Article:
The Problem Isn’t Inflation, It’s This…
There’s a running narrative that inflationary is leading to a rise in interest rates, which in turn, is causing the sell-off in technology names. The fundamental reasons why higher rates would hurt high valuation names is simple and holds some truth; as companies’ shares get priced on expectations of future profits (discount cash flow model (DCF)); if interest rates are low and money is cheap, it makes the opportunity cost of speculating on higher future returns attractive.
Yields are still well below pre-pandemic levels and the QQQs have hit a record high
So yes, higher rates should and would impact both the availability of cheap capital for young and unprofitable firms as well as give investors an alternative for allocating assets into safer income generation assets such as bonds.
But, to say the carnage we’ve seen in many market pockets is strictly due to rising rates is patently wrong. To be clear, the Power Shares Nasdaq 100 (QQQ) saw knee-jerk sell-offs in March and early September when bond yields ticked higher. However, keep in mind that yields are still well below pre-pandemic levels and the QQQs have hit a record high. And there remains a sea of liquidity for “disruptor” companies to access and investors need to deploy.
The selling currently working its way through various sectors and assets all have one thing in common: inflated with unstainable valuations.
The next groups that need to be reevaluated (go down) are in the Electric Vehicle (EV) space and then Crypto. As mentioned in this article, I don’t play in either of these sandboxes. But, I’m an interested observer as to how the price in these groups spills over into more mainstream sentiment.
Investors seem to be looking at price-to-sales (P/S)
Anyway, back to valuation issues. The DCF has limitations, primarily because it relies on future cash flow estimations, which could prove inaccurate. SPACs had been given a lot of latitude to project revenues over the next 3-5 years, which are somewhere between widely optimistic and lies of whole cloth.
Instead, investors seem to be looking at price-to-sales (P/S) because, unlike other accounting measures such as earnings or book value, sales are much harder to fudge, you either have them or you don’t.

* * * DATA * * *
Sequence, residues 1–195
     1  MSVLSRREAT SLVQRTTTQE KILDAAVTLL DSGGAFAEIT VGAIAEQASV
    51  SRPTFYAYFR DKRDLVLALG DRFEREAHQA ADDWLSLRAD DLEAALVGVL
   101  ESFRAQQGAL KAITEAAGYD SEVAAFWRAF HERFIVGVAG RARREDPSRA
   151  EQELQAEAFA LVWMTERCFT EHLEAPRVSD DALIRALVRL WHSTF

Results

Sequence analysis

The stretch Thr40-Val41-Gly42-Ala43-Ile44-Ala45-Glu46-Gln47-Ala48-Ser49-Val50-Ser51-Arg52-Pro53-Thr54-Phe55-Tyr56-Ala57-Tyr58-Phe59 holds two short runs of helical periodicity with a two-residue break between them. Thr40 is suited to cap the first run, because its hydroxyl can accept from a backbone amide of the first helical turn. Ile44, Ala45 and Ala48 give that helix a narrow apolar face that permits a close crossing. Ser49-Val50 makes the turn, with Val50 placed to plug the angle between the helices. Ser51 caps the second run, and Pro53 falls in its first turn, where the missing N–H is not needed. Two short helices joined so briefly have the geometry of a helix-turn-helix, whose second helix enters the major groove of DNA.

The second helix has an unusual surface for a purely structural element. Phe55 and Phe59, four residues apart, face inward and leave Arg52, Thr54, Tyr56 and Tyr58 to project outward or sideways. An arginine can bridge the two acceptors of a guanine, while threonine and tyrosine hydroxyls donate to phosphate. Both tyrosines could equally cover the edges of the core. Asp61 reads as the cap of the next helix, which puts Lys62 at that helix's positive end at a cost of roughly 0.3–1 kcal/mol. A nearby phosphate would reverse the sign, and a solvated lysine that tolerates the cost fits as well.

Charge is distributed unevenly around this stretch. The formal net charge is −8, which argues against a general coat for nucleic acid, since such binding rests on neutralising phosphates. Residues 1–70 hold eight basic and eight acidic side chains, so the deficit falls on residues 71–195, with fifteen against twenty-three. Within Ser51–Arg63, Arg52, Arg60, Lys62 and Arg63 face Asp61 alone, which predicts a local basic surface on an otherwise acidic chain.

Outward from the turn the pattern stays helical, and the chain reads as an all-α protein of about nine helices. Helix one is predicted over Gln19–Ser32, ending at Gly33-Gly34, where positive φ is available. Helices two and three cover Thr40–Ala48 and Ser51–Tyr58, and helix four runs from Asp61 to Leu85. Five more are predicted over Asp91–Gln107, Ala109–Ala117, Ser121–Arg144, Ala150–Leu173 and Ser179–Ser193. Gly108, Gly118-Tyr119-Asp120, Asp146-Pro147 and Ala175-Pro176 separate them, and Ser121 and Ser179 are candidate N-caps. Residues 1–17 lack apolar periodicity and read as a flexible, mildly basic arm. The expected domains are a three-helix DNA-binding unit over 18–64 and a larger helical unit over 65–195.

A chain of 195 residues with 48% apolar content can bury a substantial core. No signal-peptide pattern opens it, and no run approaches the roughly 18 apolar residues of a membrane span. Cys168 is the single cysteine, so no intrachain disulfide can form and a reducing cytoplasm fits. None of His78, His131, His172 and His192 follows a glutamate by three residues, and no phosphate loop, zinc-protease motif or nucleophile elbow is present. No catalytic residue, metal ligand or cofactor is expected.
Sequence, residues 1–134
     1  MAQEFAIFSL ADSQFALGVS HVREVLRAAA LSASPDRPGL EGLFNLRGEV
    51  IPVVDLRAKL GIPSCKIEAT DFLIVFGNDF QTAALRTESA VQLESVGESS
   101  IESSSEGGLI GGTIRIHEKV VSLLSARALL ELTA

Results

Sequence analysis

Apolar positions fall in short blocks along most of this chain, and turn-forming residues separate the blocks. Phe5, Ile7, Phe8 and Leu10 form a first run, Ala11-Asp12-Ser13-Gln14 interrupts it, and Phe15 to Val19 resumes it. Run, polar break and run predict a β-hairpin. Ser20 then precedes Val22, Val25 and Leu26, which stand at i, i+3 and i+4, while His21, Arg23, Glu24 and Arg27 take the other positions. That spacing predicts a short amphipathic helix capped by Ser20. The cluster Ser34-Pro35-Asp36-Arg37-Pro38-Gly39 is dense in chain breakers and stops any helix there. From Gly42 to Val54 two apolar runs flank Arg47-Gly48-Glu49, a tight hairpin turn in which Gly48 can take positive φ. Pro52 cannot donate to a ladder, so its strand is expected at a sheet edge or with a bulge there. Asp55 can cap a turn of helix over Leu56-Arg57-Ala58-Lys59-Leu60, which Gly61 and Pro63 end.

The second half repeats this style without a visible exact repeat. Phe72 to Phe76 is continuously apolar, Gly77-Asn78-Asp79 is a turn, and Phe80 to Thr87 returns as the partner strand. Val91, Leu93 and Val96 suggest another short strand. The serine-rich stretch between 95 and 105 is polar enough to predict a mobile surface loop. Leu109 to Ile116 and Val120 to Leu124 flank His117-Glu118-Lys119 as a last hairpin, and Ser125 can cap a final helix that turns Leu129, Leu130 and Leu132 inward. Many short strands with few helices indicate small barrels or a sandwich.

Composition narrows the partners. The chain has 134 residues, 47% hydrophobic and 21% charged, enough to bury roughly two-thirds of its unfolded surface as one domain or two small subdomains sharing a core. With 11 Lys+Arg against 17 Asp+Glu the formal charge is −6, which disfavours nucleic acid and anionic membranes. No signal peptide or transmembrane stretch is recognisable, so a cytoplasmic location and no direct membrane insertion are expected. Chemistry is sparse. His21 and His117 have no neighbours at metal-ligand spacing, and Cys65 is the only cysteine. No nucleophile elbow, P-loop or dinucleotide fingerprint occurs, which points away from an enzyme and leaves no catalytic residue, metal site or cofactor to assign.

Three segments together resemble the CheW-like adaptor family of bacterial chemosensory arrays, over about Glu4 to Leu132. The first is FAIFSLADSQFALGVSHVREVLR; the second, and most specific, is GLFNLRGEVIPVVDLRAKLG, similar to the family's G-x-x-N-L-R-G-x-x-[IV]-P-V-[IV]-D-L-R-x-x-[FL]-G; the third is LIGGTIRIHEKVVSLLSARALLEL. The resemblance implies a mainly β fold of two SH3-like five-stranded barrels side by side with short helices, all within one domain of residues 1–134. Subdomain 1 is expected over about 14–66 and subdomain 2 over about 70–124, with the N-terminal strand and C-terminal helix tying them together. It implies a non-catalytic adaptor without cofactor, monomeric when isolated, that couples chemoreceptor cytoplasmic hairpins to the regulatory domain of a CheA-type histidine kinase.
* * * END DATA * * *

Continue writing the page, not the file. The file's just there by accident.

Right now, investor expectations for the future are some of the highest on record. How so? Because the number of stocks with elevated price-to-sales (P/S) ratios has increased rapidly in recent years. Why is the P/S ratio the relevant metric here?
This is due to it now reaching obscene proportions — surpassing even the dot.com bubble, which was defined by profitless companies, burn rates, and a sock puppet (AKA as Pets.com) storming into the Superbowl. Last week, the venerable home to the Lakers, which had been labeled the Staples Center, shall now be known as the Crypto.com Arena.
I already knew that I wasn’t supposed to do that
Of course, knowing things are getting out of control along with these valuations doesn’t necessarily help us make money. It feels like we know better and what we’re seeing isn’t sustainable, yet many are participating on the belief they’ll get out before the bubble bursts. Again, I just watch in awe from the sidelines and think of what famed investor Stanley Druckenmiller said after losing over $3 billion trying to short the dot.com bubble too “early.”
“You asked me what I learned. I didn’t learn anything. I already knew that I wasn’t supposed to do that.”
In a sense, it’s been very healthy. Much of the froth has been removed, and some of the bubbles pricked while the major indices remain robust. The last thing the market needs are mainstream news headlines blaring about a Dow crash, which would lead to widespread selling.
And it would be ascribed to the wrong reason of inflation and rising rates when what’s occurring is simply a revaluation of what had been irrational valuations.